My New Blog: TF Workshop

Wednesday, November 29, 2006

Garbage Disposal: $130

I am catching up with the logging on the costs for the "10K kitchen remodel"...

We choose the Insinkerator 444. It is 3/4 HP and sound insulated, all for $130 as a special buy at HD. The online prices are $129 to $179 plus shipping, so HD was a good way to go.
The installation was nothing but simple: A snap-ring, 3 support bolts, mount the thing and twist tight. The only down side, it didn't come with a power cord, so a heavy-duty power-strip got canniblized (yes, it was 12 gage wire).

So far so good, its running like a champ.

Cost of Granite

We are hoping to install about 65 sq ft of granite counter for under $1500.

The tan-brown granite tiles are 26 1/2 by 18 inches and cost $20 a sf from Tile for Less. Total cost for 20 tiles was $1256.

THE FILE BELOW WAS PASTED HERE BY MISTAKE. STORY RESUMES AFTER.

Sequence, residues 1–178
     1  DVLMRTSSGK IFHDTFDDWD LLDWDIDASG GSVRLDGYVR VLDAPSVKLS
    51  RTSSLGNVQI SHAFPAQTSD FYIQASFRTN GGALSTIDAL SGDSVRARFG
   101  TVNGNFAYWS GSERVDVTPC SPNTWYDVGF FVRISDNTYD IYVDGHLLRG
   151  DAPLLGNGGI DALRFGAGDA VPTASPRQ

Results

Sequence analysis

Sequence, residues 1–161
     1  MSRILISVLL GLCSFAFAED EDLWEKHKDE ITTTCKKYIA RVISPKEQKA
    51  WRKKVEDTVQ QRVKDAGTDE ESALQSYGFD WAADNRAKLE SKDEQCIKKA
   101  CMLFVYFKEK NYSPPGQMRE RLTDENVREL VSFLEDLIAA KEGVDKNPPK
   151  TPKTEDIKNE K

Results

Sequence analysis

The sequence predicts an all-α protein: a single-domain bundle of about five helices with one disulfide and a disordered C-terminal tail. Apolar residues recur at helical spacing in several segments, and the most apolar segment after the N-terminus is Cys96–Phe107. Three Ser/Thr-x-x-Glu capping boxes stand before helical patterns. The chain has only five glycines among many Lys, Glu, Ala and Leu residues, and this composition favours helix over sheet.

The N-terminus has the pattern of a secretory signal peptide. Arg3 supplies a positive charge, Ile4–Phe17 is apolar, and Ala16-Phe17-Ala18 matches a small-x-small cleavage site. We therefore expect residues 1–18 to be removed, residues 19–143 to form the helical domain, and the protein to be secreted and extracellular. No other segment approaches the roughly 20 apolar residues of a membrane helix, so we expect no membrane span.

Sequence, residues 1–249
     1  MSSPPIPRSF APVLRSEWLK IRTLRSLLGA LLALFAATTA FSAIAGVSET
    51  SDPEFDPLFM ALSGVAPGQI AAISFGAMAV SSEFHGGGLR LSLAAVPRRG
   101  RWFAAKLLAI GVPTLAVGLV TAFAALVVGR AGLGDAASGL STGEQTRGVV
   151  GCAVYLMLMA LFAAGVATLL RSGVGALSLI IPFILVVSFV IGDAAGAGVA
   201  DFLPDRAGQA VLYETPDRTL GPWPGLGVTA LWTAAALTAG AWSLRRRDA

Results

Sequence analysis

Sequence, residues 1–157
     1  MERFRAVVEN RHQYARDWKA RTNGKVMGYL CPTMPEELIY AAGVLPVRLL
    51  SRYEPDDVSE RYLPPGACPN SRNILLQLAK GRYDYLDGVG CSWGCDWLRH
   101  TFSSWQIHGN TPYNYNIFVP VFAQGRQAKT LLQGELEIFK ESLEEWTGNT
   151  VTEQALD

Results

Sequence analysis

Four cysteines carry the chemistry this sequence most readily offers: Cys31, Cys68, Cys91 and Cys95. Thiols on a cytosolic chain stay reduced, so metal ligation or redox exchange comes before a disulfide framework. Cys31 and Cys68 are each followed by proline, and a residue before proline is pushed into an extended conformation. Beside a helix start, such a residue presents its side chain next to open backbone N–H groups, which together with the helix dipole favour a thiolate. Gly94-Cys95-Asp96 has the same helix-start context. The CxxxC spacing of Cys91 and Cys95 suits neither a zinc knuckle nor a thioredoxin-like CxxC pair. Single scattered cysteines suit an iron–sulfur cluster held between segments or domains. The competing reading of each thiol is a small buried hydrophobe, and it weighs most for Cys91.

Since the tiles come with 1/4 round-over, polished ends, we only needed to get the sink and island edges ground and polished. Crowley's Tile Edging did the work for $230, which I thought was really reasonable. It was $15 per foot for round edges and $10 for flat. The edging will end up looking like the the image below.

We will use epoxy grout, costing about $25.

Cost roll-up: $1510

The Glue Worked!

This is a follow-up to my last post... The polyurethane glue worked great for setting the granite composite sink. It expanded, filled all the open gaps between the supports and the sink flange, and became rigid - that thing is going nowhere. You have got to clamp the sink down though, the expanding glue will lift it up.

We installed the drains, garbage disposal and faucet, and it is holding well. I will not be able to put the granite down for about a week and a half due to travel for work.

Monday, November 27, 2006

Better Living Through Chemistry (Polyurethane Glue)

I figured out how to get the granite sink level with the base of the new counter top. The method was a variation on a couple of posted comments.

The sink rim thickness varied a bit, say 10%, and it was not exactly flat. I cut out a 1/2 inch wide recess for the rim that was about 1/8 of an inch deeper than required. When I set the sink in place, it was exactly right in a couple of spots, and low in others. I shimmed the corners to be flush with the top, leaving a zero to 1/8 gap between the cutout and the sink.